Note, we chose $n = 1$ to be the base case, as it wouldn’t make sense to take a sum with lower limit 1 and upper limit 0.

We will look at an alternate proof of this statement when we get to Series and Sequences. We will also provide another proof when we look at combinatorics. This is an identity that you will be expected to know.

Let’s introduce a more concise notation for writing out the steps of induction. Suppose that $P(i)$ represents the proposition we are trying to prove holds true for the value $n = i$. Then, we have:

Essentially, what we have is a domino effect.

$P(1) \implies P(2) \implies P(3) \implies … \implies P(k) \implies …$

A few things to note:

More Examples

In order to reinforce the concept of induction, we present a few examples below. A good way to practice would be to attempt each problem on your own, and then compare your proof with the solution.

Example: Divisibility

Prove $3 | n^3 - n$, $\forall n \in \mathbb{N}_0$.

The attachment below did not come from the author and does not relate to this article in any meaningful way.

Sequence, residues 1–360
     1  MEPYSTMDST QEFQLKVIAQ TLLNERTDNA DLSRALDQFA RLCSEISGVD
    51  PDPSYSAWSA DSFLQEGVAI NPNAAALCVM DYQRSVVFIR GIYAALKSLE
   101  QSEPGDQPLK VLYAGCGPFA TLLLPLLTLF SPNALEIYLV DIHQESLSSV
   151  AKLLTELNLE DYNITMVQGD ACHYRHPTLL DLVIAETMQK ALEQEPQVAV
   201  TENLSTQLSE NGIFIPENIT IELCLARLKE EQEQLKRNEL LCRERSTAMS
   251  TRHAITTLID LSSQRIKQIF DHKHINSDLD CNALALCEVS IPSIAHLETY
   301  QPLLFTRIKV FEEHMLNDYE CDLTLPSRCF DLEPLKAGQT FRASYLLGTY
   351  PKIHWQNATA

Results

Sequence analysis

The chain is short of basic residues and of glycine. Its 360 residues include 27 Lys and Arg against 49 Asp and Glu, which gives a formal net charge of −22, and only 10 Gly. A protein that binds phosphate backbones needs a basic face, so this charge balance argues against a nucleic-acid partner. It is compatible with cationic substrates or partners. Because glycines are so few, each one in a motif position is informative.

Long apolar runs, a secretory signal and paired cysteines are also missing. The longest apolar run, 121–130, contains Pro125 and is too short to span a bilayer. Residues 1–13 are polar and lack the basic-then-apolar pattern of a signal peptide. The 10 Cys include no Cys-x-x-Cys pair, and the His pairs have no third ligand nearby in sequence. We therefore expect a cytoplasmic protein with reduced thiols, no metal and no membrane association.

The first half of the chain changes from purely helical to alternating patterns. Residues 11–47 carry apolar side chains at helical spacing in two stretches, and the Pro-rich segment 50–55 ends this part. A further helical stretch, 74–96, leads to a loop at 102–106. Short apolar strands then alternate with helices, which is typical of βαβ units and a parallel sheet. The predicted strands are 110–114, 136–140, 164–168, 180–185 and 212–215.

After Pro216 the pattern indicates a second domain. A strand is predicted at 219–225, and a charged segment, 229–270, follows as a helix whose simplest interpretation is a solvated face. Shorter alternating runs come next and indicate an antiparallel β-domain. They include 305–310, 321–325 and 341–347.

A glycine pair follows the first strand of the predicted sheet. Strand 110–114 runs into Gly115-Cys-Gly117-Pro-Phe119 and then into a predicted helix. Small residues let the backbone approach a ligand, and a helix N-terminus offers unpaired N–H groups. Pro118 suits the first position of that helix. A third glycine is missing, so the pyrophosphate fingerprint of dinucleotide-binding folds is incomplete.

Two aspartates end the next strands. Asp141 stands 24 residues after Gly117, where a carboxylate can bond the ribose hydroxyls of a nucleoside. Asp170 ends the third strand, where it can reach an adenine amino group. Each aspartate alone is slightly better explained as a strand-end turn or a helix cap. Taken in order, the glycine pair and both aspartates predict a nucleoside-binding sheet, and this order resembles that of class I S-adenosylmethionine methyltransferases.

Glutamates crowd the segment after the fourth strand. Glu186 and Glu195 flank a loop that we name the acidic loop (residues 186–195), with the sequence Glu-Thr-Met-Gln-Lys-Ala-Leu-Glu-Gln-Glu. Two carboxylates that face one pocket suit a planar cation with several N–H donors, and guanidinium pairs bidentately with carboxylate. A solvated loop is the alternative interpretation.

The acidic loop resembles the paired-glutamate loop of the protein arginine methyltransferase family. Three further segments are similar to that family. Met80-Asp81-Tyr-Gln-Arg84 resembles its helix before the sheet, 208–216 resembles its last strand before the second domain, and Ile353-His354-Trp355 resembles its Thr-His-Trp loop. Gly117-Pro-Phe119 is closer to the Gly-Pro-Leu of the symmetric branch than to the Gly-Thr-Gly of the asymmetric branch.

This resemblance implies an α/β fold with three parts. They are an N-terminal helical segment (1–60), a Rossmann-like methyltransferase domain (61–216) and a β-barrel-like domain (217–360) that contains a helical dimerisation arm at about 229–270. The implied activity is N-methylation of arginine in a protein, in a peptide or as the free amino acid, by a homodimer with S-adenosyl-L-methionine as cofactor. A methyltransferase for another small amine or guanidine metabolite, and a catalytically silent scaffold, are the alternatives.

Note: We actually proved this proposition directly, as an example when introducing direct proofs.

Base Case: $n = 0$
3 does indeed divide 0, as we can find some integer $j$ such that $0 = 3j$ (namely, $j = 0$).

Induction Hypothesis
Assume that $3 | k^3 - k$ for some arbitrary integer $k$.

Induction Step
We now want to show that $3 | [(k+1)^3 - (k+1)]$, i.e. that we can write $(k+1)^3 - (k+1)$ as $3 \cdot (\text{some integer})$.

We know that we can write $k^3 - k = 3j$, for some integer $j$, from the induction hypothesis. Then:

$ \begin{align*} (k+1)^3 - (k+1) &= k^3 + 3k^2 + 3k + 1 - k - 1 \\ &= k^3 - k + 3k^2 + 3k \\ &= 3j + 3(k^2 + k) \\ &= 3(j + k^2 + k) \end{align*} $

Therefore, by induction, the statement holds true.

Example: Fibonacci

The Fibonacci sequence $1, 1, 2, 3, 5, 8, 13, 21, 34, …$ is defined by the recurrence relation

$\begin{align*} F_1 = 1, F_2 = 1 \\ F_n = F_{n-2} + F_{n-1} \end{align*}$

Prove that $F_1 + F_2 + … + F_n = F_{n + 2} - 1$.

Base Case: $n = 1$
$F_1 = 1, F_3 - 1 = 2 - 1 = 1$, therefore the base case holds.

Induction Hypothesis
Assume $F_1 + … + F_k = F_{k + 2} - 1$, for some arbitrary natural number $k$.

Induction Step

$\begin{aligned} F_1 + … + F_{k + 1} &= (F_1 + … + F_k) + F_{k + 1} \\ &= F_{k+2} - 1 + F_{k+1} \\ &= F_{k + 3} - 1 \end{aligned}$

Therefore, induction holds, and the statement is true.

Example: De Moivre’s Theorem

De Moivre’s theorem gives us a way to exponentiate complex numbers of the form $R(\cos t + i \sin t)$:

$(R(\cos t + i \sin t))^n = R^n(\cos nt + i \sin nt)$